Following the pilot study, we randomly selected households within a geographically contiguous area of Shashemane woreda. For inclusion in the population-based survey, a household was required to have at least one child aged 1–9 years resident on the day of enumeration. All members of the household were eligible to participate. The 247 selected households were enumerated, and basic socio-demographic data were collected, including age, gender. GPS coordinates of households were recorded.
In both the pilot and the population-based household survey, all individuals (aged six months and above) were examined for clinical signs of trachoma. In brief, a qualified trachoma grader examined the upper tarsal conjunctiva of both eyes using a 2.5× binocular loupe and graded using the simplified Trachoma Grading System . Faces were assessed for the presence of ocular and/or nasal discharge and the presence of flies on the face. Ophthalmic nurses were trained and instructed to make an assessment of facial cleanliness by examining the face for ocular and nasal discharge and the presence of flies on the face for 30 seconds. In order to assign the presence of ocular discharge, active discharge from the eye must have been present. Simple eyelash crusting was not sufficient to assign the presence of ocular discharge. To assign the presence of nasal discharge, there must have been active discharge from one or both nostrils. Simple crusting around the nose was not sufficient to assign the presence of nasal discharge. Hands were assessed for the presence of visible dirt and/or secretions.
Ocular swab collection
After clinical assessment, an ophthalmic nurse wearing examination gloves collected a conjunctival swab sample from the left upper tarsal conjunctiva. A sterile dacron swab (Puritan) was wiped four times across the everted tarsal conjunctival surface, rotating the shaft by 90° with each sweep. Swabs were stored in 500 μL of 0.2 M-sucrose-phosphate (2SP) transport medium. Gloves were changed between participants. Air control swabs were collected by holding a swab in the air in front of the participant’s eye for 20 seconds and treated in the same way as clinical samples. One air control swab was randomly collected for each 50 sample swabs in the field to evaluate field and laboratory contamination. All samples were placed immediately in a cool box with ice blocks in the field and transferred to a -20°C freezer at the end of each day. The swabs were subsequently stored at -80°C in the Oromia Regional Health Laboratory, Adama, Oromia, until testing.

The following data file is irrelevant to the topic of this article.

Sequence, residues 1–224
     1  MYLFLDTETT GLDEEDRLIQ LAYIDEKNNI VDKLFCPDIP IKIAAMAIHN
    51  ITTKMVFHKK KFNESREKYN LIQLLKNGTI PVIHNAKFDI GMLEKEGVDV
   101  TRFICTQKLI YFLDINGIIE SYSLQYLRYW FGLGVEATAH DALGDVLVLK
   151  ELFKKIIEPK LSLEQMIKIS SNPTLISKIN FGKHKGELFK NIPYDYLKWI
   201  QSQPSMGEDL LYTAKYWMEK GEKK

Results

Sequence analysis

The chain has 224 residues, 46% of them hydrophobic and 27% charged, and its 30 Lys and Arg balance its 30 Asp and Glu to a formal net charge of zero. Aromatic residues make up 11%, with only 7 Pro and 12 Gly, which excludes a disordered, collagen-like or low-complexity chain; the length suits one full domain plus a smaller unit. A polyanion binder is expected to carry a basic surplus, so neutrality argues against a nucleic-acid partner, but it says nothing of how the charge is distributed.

Non-ocular swab collection
Non-ocular swabs were systematically collected from faces and from the finger pads and dorsum of each hand of all consenting individuals in a household. Swabs were also taken from five potential fomite sites: (1) cuff and (2) neckline of clothing, (3) large plastic water collection cans, (4) washing jugs and (5) sleeping surfaces. Swabs for use at non-ocular sites were pre-moistened in 2SP and systematically rubbed with moderate and consistent pressure across an identified surface of 10cm2, horizontally and vertically for ten seconds. Non-ocular swabs handled and processed in the same way as the ocular swabs. One air control fomite swab was randomly collected for each 50 sample swabs using methods described above.
In each household we attempted to catch flies from the faces of two children, preferentially aged 1–9 years, who were chosen by the visiting field worker. Flies landing on the child’s face were captured by disturbing and catching with an insect net (Bugdorm 38cm diameter). The nets were sterilised after use by immersion in freshly prepared 1:100 Virkon-S for ten minutes, followed by rinsing in bottled water, and air drying in the sun. Catches were attempted for 15 minutes or until 10 flies were caught, whichever came first. Each captured fly was immediately transferred from the net to an individual ziplock bag that had the bottom corners cut off. All bagged flies caught from a single child were then placed into another (complete) bag containing a ball of cotton wool soaked in 50% acetone-alcohol and placed in a cool box. Immediate killing with acetone, followed by cooling, served to minimise fly grooming behaviours prior to death. Flies were taken to our local laboratory in Shashemane, where they were transferred individually into sterile tubes using forceps that had been sterilised using Virkon-S. Samples were temporarily stored at -20°C before transfer to the -80°C freezer in Adama, where they were stored until testing. Five flies per child were separately tested by Ct qPCR; where more than five flies had been captured, the first five that were stored for each child were chosen.